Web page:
CV: That’s not really how it works. It’s more like living with the uncertainty, like, are we going to be shooting that movie. Are we going to be able to pull it together in time for that actor’s schedule, etc. You have to have kind of a tough skin, you have to deal with rejection all the time. But I think it’s just being able to really deal with the fact that there are a lot of unknowns.
CS: Has there been a moment where you got something done for a film that you didn’t think you’d be able to do and you thought to yourself, this is why I love my job?
CV: Usually, those stories end with me going, “This is why I hate my job.” [laughs] It’s hard to say because I forget a production the second it’s over because it’s so tough. But there is always a moment on a movie, often with music, for example, where everything comes together. For example, during Velvet Goldmine, we were having a long day and we were rushing to shoot the last scene of that particular day, and then suddenly the band Placebo was playing “20th Century Boy,” and you’re back in the 70s and back in this club in Britain. It’s the magic of the movies that you’re always trying to achieve through brick and mortar, and it suddenly came alive. I had that experience, to a certain degree, when we shot the Studio 54 scenes on Halston. Suddenly, Liza is walking into the club and she’s dancing and even though, two minutes previously, everyone was in masks and face shields, suddenly here we were recreating this extraordinary moment. Creating the worlds is really fun. But you always learn things on movies that you didn’t think you had to know, like I had to bail an actor out of jail on Kids a million years ago, and I realized I could get a lawyer to make a record deal for me and I could get a lawyer to help me buy an apartment, but I did not know a lawyer who could get anybody out of jail. And now I do!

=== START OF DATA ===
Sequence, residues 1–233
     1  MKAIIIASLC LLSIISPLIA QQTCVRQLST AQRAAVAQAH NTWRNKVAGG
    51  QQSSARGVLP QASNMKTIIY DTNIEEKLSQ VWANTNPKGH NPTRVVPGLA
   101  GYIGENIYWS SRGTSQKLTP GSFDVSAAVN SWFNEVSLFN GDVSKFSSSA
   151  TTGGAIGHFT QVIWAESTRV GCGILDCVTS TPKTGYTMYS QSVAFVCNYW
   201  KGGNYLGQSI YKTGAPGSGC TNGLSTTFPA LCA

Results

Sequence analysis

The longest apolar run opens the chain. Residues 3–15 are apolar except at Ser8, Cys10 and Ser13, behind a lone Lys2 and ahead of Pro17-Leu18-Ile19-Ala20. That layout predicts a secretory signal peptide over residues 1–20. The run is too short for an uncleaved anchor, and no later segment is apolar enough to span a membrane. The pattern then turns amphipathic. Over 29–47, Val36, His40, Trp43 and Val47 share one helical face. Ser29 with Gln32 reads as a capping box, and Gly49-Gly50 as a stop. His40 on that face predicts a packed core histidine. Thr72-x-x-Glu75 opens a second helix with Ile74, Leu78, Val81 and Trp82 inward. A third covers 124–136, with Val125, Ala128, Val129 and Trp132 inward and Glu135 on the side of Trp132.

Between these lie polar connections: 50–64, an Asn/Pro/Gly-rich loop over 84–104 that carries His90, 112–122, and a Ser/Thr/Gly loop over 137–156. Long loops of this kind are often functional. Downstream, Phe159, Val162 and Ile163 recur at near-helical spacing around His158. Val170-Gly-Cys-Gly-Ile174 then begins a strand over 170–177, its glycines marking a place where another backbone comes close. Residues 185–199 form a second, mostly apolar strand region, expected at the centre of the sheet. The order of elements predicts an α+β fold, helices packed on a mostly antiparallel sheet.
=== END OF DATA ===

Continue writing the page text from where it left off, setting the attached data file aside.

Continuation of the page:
CS: Are you able to watch movies for fun or is it a busman’s holiday?
CV: No, no I watch. I watch movies and television all the time.
CS: Was there something in particular you loved last year?
CV: You know, my favorite thing was, I went to the Venice Film Festival as a juror in September. I watched 20 movies in 12 days, and it was fantastic. So I don’t really have a favorite, but I consume a lot.
Halson is currently available to stream on Netflix. Christine Vachon is Emmy eligible for Outstanding Limited Series, Anthology Series or Movie.
Interview has been edited for content and brevity.
Photos: Lev Radin/Shutterstock; Atsushi Nishijima/Netflix